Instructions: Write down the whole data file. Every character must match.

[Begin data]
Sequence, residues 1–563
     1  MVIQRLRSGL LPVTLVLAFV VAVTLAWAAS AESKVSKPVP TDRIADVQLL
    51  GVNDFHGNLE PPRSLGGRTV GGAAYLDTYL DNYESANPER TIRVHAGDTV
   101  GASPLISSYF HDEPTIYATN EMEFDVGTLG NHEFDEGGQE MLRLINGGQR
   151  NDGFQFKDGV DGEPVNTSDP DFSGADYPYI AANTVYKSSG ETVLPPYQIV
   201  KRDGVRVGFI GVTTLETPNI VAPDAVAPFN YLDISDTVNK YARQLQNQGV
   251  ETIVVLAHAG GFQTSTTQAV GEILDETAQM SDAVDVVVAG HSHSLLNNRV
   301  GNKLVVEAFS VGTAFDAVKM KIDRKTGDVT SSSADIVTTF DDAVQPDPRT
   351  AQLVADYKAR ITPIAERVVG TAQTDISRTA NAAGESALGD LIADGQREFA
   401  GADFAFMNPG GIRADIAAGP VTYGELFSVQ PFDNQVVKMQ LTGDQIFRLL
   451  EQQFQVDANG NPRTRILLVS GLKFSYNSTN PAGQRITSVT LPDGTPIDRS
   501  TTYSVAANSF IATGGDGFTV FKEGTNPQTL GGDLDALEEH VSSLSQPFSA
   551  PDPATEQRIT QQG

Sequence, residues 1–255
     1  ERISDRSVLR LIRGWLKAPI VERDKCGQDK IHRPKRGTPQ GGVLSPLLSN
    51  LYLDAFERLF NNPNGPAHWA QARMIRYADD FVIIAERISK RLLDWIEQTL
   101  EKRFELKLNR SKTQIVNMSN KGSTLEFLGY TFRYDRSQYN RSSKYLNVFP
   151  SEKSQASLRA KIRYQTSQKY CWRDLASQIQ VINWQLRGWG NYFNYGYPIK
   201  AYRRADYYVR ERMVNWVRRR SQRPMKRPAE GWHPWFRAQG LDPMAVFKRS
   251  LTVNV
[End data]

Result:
Sequence, residues 1–563
     1  MVIQRLRSGL LPVTLVLAFV VAVTLAWAAS AESKVSKPVP TDRIADVQLL
    51  GVNDFHGNLE PPRSLGGRTV GGAAYLDTYL DNYESANPER TIRVHAGDTV
   101  GASPLISSYF HDEPTIYATN EMEFDVGTLG NHEFDEGGQE MLRLINGGQR
   151  NDGFQFKDGV DGEPVNTSDP DFSGADYPYI AANTVYKSSG ETVLPPYQIV
   201  KRDGVRVGFI GVTTLETPNI VAPDAVAPFN YLDISDTVNK YARQLQNQGV
   251  ETIVVLAHAG GFQTSTTQAV GEILDETAQM SDAVDVVVAG HSHSLLNNRV
   301  GNKLVVEAFS VGTAFDAVKM KIDRKTGDVT SSSADIVTTF DDAVQPDPRT
   351  AQLVADYKAR ITPIAERVVG TAQTDISRTA NAAGESALGD LIADGQREFA
   401  GADFAFMNPG GIRADIAAGP VTYGELFSVQ PFDNQVVKMQ LTGDQIFRLL
   451  EQQFQVDANG NPRTRILLVS GLKFSYNSTN PAGQRITSVT LPDGTPIDRS
   501  TTYSVAANSF IATGGDGFTV FKEGTNPQTL GGDLDALEEH VSSLSQPFSA
   551  PDPATEQRIT QQG

Sequence, residues 1–255
     1  ERISDRSVLR LIRGWLKAPI VERDKCGQDK IHRPKRGTPQ GGVLSPLLSN
    51  LYLDAFERLF NNPNGPAHWA QARMIRYADD FVIIAERISK RLLDWIEQTL
   101  EKRFELKLNR SKTQIVNMSN KGSTLEFLGY TFRYDRSQYN RSSKYLNVFP
   151  SEKSQASLRA KIRYQTSQKY CWRDLASQIQ VINWQLRGWG NYFNYGYPIK
   201  AYRRADYYVR ERMVNWVRRR SQRPMKRPAE GWHPWFRAQG LDPMAVFKRS
   251  LTVNV